- An illustration of the streetlight effect.
- Some details on research project Dark Information, the underlying math of which was accepted by the DFG, the whole of which was rejected by the Volkswagen Foundation.
- A drawing/comic As mentioned in 'First, let's get things straight', this isn't a difficult rule to apply. It doesn't mean "be devoid of preconceptions". It just means "get rid of the ones you have the ability to notice". And as mentioned in 'First, let's get things straight', that's easy to do. You don't have to change your beliefs or anything. You just have to explicit your preconceptions. That way, when someone else comes along and looks at your science, you've done your best to ensure they are not locked out of it for the wrong reason that they don't share your beliefs. More that replaces all these words
There are 2 sorts of information: the one we have and the one we don’t. Within the traditional perspective on information, this might be one of its essential properties. To be had or not to be had. There is however an alternative view, and it leads to a much more telling distinction.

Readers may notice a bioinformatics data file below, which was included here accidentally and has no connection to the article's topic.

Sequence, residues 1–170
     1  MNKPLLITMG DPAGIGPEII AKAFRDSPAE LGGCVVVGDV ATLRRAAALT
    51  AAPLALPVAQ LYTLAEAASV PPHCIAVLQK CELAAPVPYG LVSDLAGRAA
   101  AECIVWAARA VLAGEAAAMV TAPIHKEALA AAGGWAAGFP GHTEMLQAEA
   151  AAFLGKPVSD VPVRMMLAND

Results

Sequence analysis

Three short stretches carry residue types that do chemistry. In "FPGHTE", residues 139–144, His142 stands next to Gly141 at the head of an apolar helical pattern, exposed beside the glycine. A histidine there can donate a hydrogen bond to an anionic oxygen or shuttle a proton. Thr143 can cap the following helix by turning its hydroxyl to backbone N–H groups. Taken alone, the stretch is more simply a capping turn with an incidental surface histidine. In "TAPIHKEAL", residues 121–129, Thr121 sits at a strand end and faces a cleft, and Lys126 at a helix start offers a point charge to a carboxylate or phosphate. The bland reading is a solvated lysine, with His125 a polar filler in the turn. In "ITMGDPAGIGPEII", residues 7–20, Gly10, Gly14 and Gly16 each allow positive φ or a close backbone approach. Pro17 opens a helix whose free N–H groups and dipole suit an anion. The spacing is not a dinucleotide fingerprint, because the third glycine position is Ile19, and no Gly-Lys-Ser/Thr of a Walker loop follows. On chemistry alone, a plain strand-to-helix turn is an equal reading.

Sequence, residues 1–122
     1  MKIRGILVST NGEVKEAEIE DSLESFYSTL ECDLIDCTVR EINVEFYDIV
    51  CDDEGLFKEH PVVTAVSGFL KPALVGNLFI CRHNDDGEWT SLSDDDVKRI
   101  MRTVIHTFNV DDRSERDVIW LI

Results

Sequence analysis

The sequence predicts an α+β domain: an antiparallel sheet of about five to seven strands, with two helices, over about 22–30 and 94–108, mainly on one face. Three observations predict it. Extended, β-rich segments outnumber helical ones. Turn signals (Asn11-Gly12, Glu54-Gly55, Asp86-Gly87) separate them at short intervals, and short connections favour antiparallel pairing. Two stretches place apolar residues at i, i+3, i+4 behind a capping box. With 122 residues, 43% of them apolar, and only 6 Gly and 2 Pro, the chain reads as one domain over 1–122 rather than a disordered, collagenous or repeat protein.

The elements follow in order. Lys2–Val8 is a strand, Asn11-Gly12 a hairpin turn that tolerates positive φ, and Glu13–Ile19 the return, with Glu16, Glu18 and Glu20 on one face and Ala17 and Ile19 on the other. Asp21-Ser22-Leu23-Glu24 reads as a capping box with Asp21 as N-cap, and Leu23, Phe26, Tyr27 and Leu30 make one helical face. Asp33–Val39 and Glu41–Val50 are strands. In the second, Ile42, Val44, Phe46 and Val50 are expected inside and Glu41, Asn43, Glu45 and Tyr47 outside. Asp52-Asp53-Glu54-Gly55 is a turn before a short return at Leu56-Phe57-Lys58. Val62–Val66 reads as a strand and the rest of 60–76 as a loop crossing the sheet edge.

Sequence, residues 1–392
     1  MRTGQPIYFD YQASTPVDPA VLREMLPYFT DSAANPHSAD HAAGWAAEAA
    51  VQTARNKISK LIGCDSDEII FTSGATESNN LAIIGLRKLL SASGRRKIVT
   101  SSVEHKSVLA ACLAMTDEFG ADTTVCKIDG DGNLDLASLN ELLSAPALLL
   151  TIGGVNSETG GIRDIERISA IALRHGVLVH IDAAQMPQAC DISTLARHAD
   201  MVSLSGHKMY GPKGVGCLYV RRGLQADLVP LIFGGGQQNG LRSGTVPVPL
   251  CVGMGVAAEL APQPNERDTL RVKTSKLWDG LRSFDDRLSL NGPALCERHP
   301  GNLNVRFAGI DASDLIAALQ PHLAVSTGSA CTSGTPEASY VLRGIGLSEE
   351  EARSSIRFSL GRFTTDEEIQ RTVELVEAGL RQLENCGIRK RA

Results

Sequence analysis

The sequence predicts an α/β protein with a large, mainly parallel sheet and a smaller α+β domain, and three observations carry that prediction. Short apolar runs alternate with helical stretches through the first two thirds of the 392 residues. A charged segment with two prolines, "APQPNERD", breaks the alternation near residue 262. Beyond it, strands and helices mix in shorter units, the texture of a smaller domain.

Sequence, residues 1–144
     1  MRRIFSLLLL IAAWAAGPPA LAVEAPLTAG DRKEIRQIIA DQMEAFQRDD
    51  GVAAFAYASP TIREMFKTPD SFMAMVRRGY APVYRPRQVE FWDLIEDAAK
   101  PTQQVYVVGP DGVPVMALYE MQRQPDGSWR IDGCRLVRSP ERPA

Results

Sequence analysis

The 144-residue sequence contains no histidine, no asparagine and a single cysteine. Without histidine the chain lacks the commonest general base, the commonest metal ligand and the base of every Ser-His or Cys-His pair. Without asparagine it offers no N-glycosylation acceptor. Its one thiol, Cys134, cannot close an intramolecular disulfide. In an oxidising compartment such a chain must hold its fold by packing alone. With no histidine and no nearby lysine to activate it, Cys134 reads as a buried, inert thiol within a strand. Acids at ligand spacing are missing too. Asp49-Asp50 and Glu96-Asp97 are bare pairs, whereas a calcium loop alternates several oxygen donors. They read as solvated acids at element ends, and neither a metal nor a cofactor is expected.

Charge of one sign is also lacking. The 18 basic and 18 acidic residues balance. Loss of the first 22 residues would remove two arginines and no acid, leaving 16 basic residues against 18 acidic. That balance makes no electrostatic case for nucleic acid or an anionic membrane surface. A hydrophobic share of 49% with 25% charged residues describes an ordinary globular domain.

There are 2 sorts of information: “information in the light” and “information in the dark“.
The difference still isn’t in the intrinsic properties of the information: it’s in how we discover it. Information in the light lies in the light of knowledge we already have. It’s wedged tight in between things we already know. We access it by racking our brains long and hard on the things all around it that we already know, until hopefully … puff: out comes a new piece of knowledge. Usually it works. But as you can imagine or already know, looking for information this way can feel very cramped and crowded. Plus, with so little wiggle room, assessing the time it will take to produce the next critical puff is near impossible. So as space thins and possibly in response to that, time lengthens, the task may become tedious and unrewarding. Indulging in a little knowledge-stacking instead is tempting (building upwards on top of existing knowledge for little more reason than we can).
There is a much more pleasant and efficient way of producing new information. It entails seeking out the dark to find out where exactly it meets the edge of the light, and then venturing a little beyond the beacon’s scope, where there is space to actually feel ourselves thinking and informing the darkness.